4. 4. MAINFINDINGSANDRECOMMENDATIONS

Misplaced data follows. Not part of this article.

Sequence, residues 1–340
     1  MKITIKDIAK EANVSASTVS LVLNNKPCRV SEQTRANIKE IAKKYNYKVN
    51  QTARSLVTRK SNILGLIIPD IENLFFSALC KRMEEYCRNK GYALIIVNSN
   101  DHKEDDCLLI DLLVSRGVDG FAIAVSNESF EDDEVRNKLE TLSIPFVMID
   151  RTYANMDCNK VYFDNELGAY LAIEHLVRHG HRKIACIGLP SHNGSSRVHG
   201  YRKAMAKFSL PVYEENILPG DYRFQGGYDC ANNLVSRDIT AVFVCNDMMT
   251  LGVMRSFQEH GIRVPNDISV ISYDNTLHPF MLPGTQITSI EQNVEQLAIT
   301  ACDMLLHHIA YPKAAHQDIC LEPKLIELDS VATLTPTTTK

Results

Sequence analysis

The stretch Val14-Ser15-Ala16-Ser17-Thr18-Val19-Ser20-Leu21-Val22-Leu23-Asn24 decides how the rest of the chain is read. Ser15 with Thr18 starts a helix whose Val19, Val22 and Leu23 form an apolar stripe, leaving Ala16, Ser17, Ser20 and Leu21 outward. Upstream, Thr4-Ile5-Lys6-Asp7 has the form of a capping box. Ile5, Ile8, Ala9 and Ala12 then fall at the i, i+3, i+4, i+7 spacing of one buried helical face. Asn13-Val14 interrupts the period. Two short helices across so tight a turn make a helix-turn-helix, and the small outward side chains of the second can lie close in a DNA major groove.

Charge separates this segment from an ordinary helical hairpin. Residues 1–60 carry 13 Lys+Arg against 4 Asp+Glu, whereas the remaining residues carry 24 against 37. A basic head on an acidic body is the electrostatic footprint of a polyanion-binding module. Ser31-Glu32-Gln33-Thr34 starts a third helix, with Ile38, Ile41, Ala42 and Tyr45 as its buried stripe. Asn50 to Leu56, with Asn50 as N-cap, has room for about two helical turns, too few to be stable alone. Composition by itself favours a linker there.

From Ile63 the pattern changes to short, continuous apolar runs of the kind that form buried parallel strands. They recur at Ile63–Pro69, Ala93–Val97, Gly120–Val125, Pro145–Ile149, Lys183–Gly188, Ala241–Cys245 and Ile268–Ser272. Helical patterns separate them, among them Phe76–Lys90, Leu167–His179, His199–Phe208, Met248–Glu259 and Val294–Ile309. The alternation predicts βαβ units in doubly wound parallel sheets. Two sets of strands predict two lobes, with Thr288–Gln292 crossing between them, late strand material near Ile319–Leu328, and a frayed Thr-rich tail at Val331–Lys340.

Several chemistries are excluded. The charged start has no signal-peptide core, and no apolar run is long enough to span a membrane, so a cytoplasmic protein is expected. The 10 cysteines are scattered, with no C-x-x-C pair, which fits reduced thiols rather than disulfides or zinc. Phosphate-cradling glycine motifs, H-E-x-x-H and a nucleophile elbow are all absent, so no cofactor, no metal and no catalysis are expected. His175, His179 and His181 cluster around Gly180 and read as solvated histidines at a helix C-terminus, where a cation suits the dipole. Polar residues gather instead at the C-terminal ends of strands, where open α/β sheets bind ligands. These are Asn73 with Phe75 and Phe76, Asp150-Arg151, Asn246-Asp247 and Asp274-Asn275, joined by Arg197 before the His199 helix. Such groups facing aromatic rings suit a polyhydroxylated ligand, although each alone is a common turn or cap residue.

5. 5. MAIN FINDINGS AND RECOMMENDATIONS D evelopment partners can play a better role than they have in the past to help SIDS secure and invest resources for sustainable development. As highlighted in the OECD report “Making Development Co-operation Work for SIDS”, concessional finance from the international community remains a vital source of financing for development for many of these countries. However, a number of challenges remain to better tailor development co-operation to the specific development impediments of SIDS and to exploit its full potential for charting the course of a new era of sustainable development. Overall, concessional finance is strongly concentrated on a few providers and few recipients, with most SIDS receiving the bulk of it as a result of cultural and geopolitical ties with bilateral providers in their same region, or in response to emergencies and shocks. Often, concessional finance follows big shocks in individual countries (such as the earthquake in Haiti in 2010, or a debt crisis in Cuba in 2016), but there is a lack of a more programmatic and predictable stream of funds to address the underlying determinants of vulnerability and to finance new development paradigms to turn some of SIDS’ vulnerabilities into strengths, such as the vast ocean resources that surround them. While many SIDS experience dependence on very few providers for the bulk of their concessional finance, they also display a long trail of small projects from multiple sources, which strains already- stretched institutional resources. Although more sources have become available globally, many SIDS struggle to access these, owing to low absorption capacity and the complex array of accreditation and application processes to access the global climate funds. Access to concessional finance is further constrained by a complex web of eligibilities that includes ad hoc exceptions, and which does not take into account the structural vulnerabilities that SIDS retain even as their national income increases. Despite these challenges, several positive examples also exist of innovations and effective development co-operation approaches and financing instruments, which have successfully helped SIDS make significant progress on development. “Making Development Co-operation Work for SIDS” explores several of these examples, presenting lessons learnt around three areas that are critical for making development co-operation work for SIDS. These areas relate to: enhancing access, modalities and partnerships for concessional finance; using concessional finance more effectively and catalytically to mobilise a broader set of resources for sustainable development; and channelling it where it is most needed, including towards breaking dependence from fossil fuels, building climate resilience, and grasping the opportunities of the blue economy. The report suggests, for each of the areas identified, recommendations to further test, replicate and bring to scale these innovations to effectively help SIDS embark on sustainable development pathways. Enhancing access, modalities and partnerships for concessional finance: To help SIDS manage external resources more effectively and tap into a larger array of resources, development partners will need to invest in more systematic and long-term approaches for strengthening national capacities and releasing absorptive capacity constraints. As part of these efforts, development partners could provide support for assessing which functions could be performed at a regional level, which could be outsourced privately, and which will need to remain at the national level. Development partners could also make use of innovative technologies to tailor capacity building approaches to the specific context of SIDS. In addition, because of the acute capacity constraints in SIDS, using pooled funding mechanisms to reduce transaction costs and modalities to strengthen national capacities is even more urgent than in other developing countries. The revival of budget support in some SIDS, especially in the Pacific, is welcome and could be further expanded to other SIDS where the use of budget support is currently limited. Attention should be paid to the new ‘conditionalities’ attached to budget support, to ensure that SIDS governments preserve ownership. Development partners will also need to encourage partnerships with a larger range of actors, including through triangular co- operation, to favour a wider set of perspectives and approaches to the complexity of development in SIDS. These broader partnerships could also provide an alternative source of financing as SIDS move to higher levels of national per capita income. SIDS that have recently graduated from least developed country status, such as Cabo Verde and Samoa, have quickly moved from a moderate to a high risk of debt distress, signalling that development partners could do more to support and advise countries during transitions. Further, more evidence and policy dialogue needs to be fostered to understand the impacts of different graduation processes on financing landscapes and growth opportunities in order to maintain development gains as SIDS transition through different income levels and development phases. Timor-leste©UNPhoto/MartinePerret